Halloween Science: DIY Shrunken Heads!

Halloween is the month for all things creepy and it’s a great time for playing with science! There are a lot of great science projects that can carry a Halloween theme, ranging from glow in the dark potions (that you can drink!) to dancing gummy worms. Halloween is a great time to bring out the fun in chemistry, and teach some really interesting concepts at the same time!

I wanted to kick off our month of Halloween chemistry with a spooky take on an old idea. The experiment we conducted involved the science of decomposition and preventing the biological processes that cause it. We followed the simple instructions for making apple dolls, though ours would take the form of Halloween shrunken heads!

When we cut into fruits and vegetables, we injure and break the cells that build it. Some fruits, such as apples, bananas, and peaches, release Polyphenol compounds and Tryosinase enzymes from these broken cells. These enzymes react with each other and the oxygen in the air, effectively rusting the apple and turning it brown. These enzymes also work to protect the fruit from microbial attack.

We’ve noticed this when we slice apples for lunch. No one wants an unsightly brown apple, yet we obviously don’t want it colonized by bacteria! As it turns out, the trusted kitchen method of sprinkling the sliced fruit with lemon juice prevents the browning from occurring! The acidity in the lemon juice ca dramatically lower the Ph of the apple, creating an inhospitable environment for the enzymes. This works even better when you soak the apple in lemon juice as the acidity both inhibits the enzymes and kills the decomposing bacteria, leaving you with a perfect apple ready to become a shrunken head for Halloween!


Materials Needed:

Apples (the bigger the better!)
Apple peeler
Spoon and butter knife for digging out the core
1 cup of lemon juice
2 Tbsp salt
Large drinking glass or small bowl
Clean towel
Wire or yarn (to hang your apple to dry)
Paint, yarn, and scraps of fabric for decorations


1. Peel the apple completely.

2. Use butter knife and spoon to dig out the core from the bottom of the apple. You’ll want to dig as much of it out as possible, without poking through to the top of the apple.

3. Choose one side of the apple that will be the face. Use your butter knife to dig out facial features (holes for the eyes, carve out a little mountain for the nose, cut a mouth into the apple, etc).

4. Mix the lemon juice and salt in a wide glass or bowl that is deep enough to mostly submerge your apple.

5. Soak the apple for three minutes. Then turn it around and soak the other side for  another three minutes.

6. Pat the apple dry with a clean towel.

Outside Drying Method: Hang or place the apple in a warm, dry area for approximately two weeks. Additional moisture may cause the apple to mold (if it is going to rain or is humid, bring the apple inside!). Make sure it is out of the way of any critters who may be looking for a snack. Check your apple’s progress everyday. It will be finished when it is dry, spongy, hardened, and wrinkled.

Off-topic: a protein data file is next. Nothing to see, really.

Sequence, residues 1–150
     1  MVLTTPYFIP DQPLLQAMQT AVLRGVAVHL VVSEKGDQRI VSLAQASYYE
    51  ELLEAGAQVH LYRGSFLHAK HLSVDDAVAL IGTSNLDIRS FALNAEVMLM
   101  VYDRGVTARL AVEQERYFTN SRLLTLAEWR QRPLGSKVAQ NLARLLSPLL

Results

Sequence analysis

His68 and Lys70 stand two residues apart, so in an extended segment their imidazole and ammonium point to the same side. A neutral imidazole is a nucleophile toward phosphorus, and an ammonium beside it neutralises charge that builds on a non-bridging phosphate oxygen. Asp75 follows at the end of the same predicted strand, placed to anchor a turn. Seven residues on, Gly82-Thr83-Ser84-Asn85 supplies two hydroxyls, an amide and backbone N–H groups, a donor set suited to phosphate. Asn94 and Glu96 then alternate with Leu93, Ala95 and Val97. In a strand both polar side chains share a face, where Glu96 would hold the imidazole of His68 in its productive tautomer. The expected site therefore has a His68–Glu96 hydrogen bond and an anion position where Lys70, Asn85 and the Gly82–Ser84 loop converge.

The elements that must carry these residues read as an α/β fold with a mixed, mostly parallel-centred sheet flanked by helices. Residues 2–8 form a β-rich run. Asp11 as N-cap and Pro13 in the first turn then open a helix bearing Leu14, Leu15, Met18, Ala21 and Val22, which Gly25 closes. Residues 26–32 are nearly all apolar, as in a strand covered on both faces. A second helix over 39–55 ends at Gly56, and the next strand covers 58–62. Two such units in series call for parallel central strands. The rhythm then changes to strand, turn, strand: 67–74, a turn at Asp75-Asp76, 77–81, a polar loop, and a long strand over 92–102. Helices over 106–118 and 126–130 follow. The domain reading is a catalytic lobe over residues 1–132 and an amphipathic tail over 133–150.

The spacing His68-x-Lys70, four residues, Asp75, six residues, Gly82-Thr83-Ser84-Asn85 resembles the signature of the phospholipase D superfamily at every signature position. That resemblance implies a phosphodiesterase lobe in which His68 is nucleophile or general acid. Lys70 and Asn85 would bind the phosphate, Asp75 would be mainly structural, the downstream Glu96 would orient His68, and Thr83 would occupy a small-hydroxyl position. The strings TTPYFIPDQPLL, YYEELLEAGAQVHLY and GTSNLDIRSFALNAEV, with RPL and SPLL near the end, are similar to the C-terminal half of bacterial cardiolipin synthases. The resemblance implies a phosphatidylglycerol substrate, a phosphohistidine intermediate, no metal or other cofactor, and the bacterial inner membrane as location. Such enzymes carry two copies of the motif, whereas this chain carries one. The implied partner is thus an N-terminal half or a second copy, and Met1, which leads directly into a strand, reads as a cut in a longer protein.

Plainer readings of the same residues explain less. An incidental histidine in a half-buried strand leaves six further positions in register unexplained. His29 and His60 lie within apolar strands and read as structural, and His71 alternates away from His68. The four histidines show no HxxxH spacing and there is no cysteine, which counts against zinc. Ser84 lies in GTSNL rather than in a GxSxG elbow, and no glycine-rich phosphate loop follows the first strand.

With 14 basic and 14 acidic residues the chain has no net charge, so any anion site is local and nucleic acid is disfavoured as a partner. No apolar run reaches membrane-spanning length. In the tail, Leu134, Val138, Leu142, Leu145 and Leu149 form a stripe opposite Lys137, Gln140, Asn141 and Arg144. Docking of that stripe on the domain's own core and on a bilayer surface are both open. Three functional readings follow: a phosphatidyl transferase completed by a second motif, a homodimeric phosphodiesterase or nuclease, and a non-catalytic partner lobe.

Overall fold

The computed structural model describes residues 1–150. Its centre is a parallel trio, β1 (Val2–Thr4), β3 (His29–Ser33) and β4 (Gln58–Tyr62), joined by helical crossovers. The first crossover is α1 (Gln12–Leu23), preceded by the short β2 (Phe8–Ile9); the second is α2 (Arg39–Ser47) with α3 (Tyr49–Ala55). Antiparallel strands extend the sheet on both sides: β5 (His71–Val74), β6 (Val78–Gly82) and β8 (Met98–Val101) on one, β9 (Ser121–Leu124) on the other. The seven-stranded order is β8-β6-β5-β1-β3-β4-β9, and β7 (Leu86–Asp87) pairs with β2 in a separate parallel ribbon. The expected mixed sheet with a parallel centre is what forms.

Inside Drying Method: Alternatively, you can dry your apple inside, by placing it in a warm oven for several hours. Set your oven to the lowest temperature and lightly wrap the apple in foil. Then place the apple on a baking sheet and let dry in the oven for several hours. As with the outside drying method, check the progress every hour, waiting for it to have the hard, dry, spongy, and wrinkled texture.

7. Decorate your apple! We used acrylic paint for the face, yarn for the hair, and fabric strips for clothing and pigtails. Some people fill small jars with rice and decorate those to use as a body for the doll. Other people have used large tongue depresses glued to the inside as a body for the apple and wrapped with fabric for clothing. We didn’t use bodies, preferring to leave the heads around the house for our visitors to find as a spooky trick for Halloween. Whatever you do, now is the time to get creative!


You can really hone your science skills by conducting an experiment with your apple heads! There are many different preservatives you can use with this project. We used lemon juice, salt, and of course, a control (adding nothing to it). By using a control in your experiment, you have a basic standard with which to compare your results. In our experiment, we followed the standard apple doll recipe using lemon juice for two apples. Then we made a super saturated salt water solution for one of the other apples. When that apple was done soaking, we completely covered it in salt before hanging it out to try. The results of our experiment were really neat, but you can try your own to find out what will happen!

When all is said and done, you should have some great looking shrunken heads, just in time for Halloween! You can impale them in a mock cemetery, use them to decorate your spooky doorway for trick or treaters, or dress them up and turn them into grandma dolls! Whatever you decide to do with them, you’ll have your very own shrunken head (or doll) that YOU created! As for us, this project was so much fun, we will definitely put it into regular rotation for Halloween projects each year!


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